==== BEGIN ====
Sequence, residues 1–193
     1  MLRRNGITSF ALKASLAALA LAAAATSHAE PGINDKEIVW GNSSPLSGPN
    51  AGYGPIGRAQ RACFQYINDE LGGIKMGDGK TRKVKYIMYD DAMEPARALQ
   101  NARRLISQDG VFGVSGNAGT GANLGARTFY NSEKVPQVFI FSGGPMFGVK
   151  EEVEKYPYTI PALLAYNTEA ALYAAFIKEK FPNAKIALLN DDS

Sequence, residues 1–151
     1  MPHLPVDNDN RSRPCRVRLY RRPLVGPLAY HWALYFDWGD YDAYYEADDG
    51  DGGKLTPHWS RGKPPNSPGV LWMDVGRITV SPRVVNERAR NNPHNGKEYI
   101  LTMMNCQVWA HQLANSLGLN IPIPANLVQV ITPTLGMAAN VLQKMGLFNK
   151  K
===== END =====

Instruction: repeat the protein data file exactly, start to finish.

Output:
Sequence, residues 1–193
     1  MLRRNGITSF ALKASLAALA LAAAATSHAE PGINDKEIVW GNSSPLSGPN
    51  AGYGPIGRAQ RACFQYINDE LGGIKMGDGK TRKVKYIMYD DAMEPARALQ
   101  NARRLISQDG VFGVSGNAGT GANLGARTFY NSEKVPQVFI FSGGPMFGVK
   151  EEVEKYPYTI PALLAYNTEA ALYAAFIKEK FPNAKIALLN DDS

Sequence, residues 1–151
     1  MPHLPVDNDN RSRPCRVRLY RRPLVGPLAY HWALYFDWGD YDAYYEADDG
    51  DGGKLTPHWS RGKPPNSPGV LWMDVGRITV SPRVVNERAR NNPHNGKEYI
   101  LTMMNCQVWA HQLANSLGLN IPIPANLVQV ITPTLGMAAN VLQKMGLFNK
   151  K